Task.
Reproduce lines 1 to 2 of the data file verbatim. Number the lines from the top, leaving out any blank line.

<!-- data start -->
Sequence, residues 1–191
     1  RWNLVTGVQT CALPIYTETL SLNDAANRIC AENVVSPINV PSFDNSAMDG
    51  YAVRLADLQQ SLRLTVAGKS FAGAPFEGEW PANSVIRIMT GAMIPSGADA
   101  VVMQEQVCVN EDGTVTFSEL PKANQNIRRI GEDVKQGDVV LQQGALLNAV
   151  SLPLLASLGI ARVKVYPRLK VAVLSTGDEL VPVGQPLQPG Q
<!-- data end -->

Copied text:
Sequence, residues 1–191
     1  RWNLVTGVQT CALPIYTETL SLNDAANRIC AENVVSPINV PSFDNSAMDG